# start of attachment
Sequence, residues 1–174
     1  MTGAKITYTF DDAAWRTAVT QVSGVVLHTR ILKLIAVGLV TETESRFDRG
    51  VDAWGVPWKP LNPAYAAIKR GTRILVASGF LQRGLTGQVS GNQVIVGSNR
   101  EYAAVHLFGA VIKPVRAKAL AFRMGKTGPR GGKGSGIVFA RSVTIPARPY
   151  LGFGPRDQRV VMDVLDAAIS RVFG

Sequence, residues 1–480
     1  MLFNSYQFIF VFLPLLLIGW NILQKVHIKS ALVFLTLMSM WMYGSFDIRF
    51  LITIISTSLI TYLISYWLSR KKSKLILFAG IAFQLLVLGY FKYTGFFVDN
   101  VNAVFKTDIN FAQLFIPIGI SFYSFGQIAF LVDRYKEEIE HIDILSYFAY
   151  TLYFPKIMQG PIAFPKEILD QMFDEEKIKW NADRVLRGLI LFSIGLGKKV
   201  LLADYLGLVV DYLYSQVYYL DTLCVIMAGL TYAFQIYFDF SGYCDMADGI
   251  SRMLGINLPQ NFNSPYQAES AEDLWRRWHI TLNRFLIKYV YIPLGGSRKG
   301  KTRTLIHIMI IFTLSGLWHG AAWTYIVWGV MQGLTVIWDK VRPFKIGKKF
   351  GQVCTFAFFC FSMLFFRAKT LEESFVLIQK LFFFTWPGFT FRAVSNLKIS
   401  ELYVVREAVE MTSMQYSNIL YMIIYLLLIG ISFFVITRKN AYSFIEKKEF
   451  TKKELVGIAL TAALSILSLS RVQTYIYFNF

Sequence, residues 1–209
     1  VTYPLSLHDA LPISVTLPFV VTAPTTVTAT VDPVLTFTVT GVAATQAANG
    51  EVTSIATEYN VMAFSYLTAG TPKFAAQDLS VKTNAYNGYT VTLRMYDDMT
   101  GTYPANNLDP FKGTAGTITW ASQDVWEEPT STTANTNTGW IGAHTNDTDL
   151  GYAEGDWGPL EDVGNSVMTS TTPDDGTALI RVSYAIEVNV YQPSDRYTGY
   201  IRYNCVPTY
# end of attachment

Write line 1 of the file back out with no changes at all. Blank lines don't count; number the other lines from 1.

Sequence, residues 1–174